February 15, 2007

What is a Grand Jury Trap?

A grand jury trap is trick that can exploit state and federal grand jury proceedings to entrap someone into being charged with a crime, such as purgery, obstruction of justice, or other legal entanglement.

In principle, someone in the executive branch could appoint a prosecutor sympathetic to their cause (entrapping someone), steer the case to a sympathetic judge, and then lay the trap.

Even if the prosecutor and judge are not in on the fix, the mere potential that a fix is in is often sufficient motivation for the target person to resist testifying. In that case, the target is in contempt of the grand jury, and the judge may try to compel testimony by incarcerating the target individual.

Flight of fancy? No. Without even looking, I'm aware of three cases in which this Principal has applies. First, San Francisco independent journalist and video blogger Josh Wolf was arrested August 1, 2006, for refusing a federal grand jury’s request to turn over video he shot at a demonstration.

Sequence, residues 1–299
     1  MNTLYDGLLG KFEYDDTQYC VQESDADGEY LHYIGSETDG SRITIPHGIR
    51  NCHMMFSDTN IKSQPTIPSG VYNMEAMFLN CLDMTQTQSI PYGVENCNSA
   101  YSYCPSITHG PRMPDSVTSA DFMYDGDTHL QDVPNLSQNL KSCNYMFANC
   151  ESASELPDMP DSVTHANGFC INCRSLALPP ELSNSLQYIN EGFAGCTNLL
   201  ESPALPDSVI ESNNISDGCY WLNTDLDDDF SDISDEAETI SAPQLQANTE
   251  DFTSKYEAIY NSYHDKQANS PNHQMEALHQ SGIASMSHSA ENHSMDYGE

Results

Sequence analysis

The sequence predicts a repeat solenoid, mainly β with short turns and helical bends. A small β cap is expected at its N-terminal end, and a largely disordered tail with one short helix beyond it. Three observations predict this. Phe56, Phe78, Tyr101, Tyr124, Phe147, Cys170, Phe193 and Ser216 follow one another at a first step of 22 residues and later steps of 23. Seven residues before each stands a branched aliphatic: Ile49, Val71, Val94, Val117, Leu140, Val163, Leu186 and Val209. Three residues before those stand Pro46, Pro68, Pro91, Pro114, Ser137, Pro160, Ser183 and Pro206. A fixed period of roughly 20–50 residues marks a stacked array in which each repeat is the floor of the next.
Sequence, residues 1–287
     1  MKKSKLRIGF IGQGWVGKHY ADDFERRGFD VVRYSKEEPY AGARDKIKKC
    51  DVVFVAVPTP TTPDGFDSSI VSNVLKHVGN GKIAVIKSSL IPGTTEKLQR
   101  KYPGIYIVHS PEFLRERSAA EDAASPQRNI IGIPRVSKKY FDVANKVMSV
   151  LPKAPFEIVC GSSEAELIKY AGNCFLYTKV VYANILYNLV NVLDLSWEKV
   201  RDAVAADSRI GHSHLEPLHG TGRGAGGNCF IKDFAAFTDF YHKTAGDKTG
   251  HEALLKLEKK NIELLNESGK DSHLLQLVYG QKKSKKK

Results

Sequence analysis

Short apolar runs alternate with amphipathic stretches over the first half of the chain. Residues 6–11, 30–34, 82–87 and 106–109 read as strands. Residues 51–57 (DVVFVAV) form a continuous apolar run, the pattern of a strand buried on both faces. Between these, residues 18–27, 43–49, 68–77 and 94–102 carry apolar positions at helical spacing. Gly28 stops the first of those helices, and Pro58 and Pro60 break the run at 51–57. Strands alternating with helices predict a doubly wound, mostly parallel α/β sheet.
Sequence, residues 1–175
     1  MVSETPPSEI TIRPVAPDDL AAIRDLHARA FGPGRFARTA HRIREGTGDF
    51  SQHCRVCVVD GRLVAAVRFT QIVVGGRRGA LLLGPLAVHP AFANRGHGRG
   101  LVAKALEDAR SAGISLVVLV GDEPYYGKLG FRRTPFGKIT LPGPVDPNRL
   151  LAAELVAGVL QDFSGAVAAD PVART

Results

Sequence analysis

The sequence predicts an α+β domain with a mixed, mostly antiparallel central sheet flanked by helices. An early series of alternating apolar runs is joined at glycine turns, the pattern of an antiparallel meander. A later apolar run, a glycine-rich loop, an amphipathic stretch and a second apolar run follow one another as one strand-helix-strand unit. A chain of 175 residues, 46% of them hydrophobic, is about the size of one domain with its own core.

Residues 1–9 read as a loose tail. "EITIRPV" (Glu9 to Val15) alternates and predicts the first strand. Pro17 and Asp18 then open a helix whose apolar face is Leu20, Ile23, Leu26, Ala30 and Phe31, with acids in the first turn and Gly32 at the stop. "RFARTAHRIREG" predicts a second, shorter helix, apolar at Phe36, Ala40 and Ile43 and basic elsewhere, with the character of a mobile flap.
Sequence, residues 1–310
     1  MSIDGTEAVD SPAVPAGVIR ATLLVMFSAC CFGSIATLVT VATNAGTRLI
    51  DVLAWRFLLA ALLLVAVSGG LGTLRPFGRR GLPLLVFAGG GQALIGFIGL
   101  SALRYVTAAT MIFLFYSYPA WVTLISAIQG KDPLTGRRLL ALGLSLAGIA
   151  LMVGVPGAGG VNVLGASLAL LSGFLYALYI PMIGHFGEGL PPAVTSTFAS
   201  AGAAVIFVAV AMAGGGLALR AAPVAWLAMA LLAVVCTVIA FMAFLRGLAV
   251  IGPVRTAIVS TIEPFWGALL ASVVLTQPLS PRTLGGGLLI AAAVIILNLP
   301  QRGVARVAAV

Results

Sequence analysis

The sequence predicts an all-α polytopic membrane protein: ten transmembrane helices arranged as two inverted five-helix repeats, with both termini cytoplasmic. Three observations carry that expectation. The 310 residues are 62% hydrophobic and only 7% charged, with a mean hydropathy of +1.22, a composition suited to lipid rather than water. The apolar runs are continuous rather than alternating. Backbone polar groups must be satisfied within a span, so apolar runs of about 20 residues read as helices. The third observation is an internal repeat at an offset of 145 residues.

Second, Sami Al-Arian, formerly a tenured professor of computer science at the University of South Florida, is being held for failing to testify against other people before a grand jury. He has earlier been cleared of earlier charges against him, which were based on political activities and speech that the jury in his trial found were protected. Given the government's earlier attempts to silence him, is legitimately concerned about the potential use of grand jury entrapment against him. Thus, he has chosen the lesser of the two evils, contempt and additional time in jail.

Third, former black activists from the 1970s have faced similar concerns about grand juries convened, supposedly to gather evidence surrounding possible crimes dating back to the 1970s. Google Black Panther Jury

In short, the message is, if the federal or state government wants to make your life miserable, they have the grand jury trap as another tool in their police state toolbox.

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